What Shiga accomplishes in these pages is to emphasize comics storytelling above all else. There is no choice of panel or facet of a panel (e.g. layout, dialogue, poses) that is not purposeful in nature. The same elements that make the first page an effective gag turn this entire work into a masterpiece. What you learn as you continue is that comics are a cumulative medium. Every additional page and panel have the ability to add new meaning to what comes before. They function like levels of a tower rather than units in a housing complex. The more you add, the more impressive the entire structure becomes. Even if the individual component is utilitarian and grey, when you effectively stack enough meaning and creativity the whole is transformed into an incredible feat.
That’s how something so stylistically unimpressive as the first page of Demon builds to become what readers of the series admire so much. The growth that occurs along the way is not an accident or an unfortunate period of waiting, it’s a function of the comics medium.
Let’s leave Shiga for a moment and look at a well known comics artist whose style is generally considered to be impressive. Let’s take a look at Alex Ross.
Open up Kingdom Come and you see an eagle streaking across a red lit sky with the American flag trailing from its wings as it attacks a massive black bat with demonic eyes. It’s an impressive image, the sort of thing you’d have expected Tim LaHaye to commission for one of his apocalyptic, white supremacist screeds. No matter what you might think of the themes contained within the image though, there’s a certain level of draftsmanship that is undeniable. It’s an impressive looking first page, especially when set against the societal expectations of comics.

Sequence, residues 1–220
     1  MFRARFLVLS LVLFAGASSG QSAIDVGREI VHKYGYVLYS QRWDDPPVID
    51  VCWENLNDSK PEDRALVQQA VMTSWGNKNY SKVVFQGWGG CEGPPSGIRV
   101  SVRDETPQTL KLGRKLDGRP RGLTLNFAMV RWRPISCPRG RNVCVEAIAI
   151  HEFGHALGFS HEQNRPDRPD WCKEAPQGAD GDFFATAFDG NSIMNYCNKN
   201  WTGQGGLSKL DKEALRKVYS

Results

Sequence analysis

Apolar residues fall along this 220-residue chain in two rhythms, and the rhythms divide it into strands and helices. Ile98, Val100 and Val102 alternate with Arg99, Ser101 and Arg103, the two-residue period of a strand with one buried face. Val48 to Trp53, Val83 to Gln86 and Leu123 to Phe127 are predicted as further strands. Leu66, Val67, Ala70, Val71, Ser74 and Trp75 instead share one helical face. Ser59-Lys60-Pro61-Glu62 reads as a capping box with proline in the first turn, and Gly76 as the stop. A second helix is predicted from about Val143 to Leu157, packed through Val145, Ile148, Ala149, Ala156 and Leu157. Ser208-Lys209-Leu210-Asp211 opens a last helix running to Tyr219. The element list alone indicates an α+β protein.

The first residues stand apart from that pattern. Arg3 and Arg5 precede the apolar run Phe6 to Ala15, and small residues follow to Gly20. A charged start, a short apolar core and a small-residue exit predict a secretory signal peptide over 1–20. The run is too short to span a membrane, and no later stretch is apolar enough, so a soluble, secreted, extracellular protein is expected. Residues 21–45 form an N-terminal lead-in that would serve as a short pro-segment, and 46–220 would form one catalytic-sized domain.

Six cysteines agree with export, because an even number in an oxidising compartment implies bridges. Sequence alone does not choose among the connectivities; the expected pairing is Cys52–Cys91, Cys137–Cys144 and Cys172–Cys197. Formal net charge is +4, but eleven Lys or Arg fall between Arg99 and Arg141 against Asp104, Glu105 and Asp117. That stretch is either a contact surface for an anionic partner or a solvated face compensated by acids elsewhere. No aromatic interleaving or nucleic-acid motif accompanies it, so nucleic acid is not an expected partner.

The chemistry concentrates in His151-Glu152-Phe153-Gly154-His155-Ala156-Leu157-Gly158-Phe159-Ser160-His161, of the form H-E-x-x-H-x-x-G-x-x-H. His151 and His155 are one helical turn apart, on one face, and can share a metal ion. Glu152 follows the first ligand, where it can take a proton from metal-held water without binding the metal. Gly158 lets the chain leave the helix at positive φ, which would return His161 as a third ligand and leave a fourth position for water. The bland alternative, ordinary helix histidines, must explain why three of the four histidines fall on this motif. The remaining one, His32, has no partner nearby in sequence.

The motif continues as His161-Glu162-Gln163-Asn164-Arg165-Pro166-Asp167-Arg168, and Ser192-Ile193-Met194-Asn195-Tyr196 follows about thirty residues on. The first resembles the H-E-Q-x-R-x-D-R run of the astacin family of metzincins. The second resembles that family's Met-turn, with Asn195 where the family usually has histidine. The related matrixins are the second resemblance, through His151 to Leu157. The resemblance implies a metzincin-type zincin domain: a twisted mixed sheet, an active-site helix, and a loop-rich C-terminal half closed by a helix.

But, y’know, it’s still the first page of Kingdom Come, so we can all see how far that first impression of style gets. You can insert a shrug emoji here if you want, Mark.
I think the point is clear. The first page of a comic is not the comic. The style and draftsmanship found within a single panel or even a few panels does not normally represent what makes this medium great or mediocre. That’s because the goal of comics is not to be displayed in individual elements in a museum; panels are not designed to exist as individual units to be cherished in solitude. Comics is a storytelling medium and its value is discovered in the juxtaposition of these images. You can only begin to fairly evaluate a comic once you have a few pages read, at the very least.
That creates a slippery slope. You shouldn’t need to read almost 40 issues of comics to evaluate Steve Ditko’s work on Amazing Spider-Man or more than 100 to assess Jack Kirby’s on Fantastic Four. But to take a quick glimpse at the first page of Amazing Fantasy #15 or Fantastic Four #1 and make a judgement call would be downright foolish. It’s the difference about making up your mind on a television show between the first minute and the first episode. All storytelling mediums require some amount of time to work and for most comics that period is more than a single page.
What the first page delivers is a superficial impression. It’s style without substance, with some notable exceptions like newspaper strips. What you find in page one is an establishment of how a story might be told, at most, but not the quality of the story or its telling.
So while the advice in literature is to not judge a book by its cover, I think in comics it ought to be not to judge one by its first page. Or, more precisely, don’t judge a comic by the artist’s style. Going that route will lead you to miss out on what the artist is actually trying to tell you.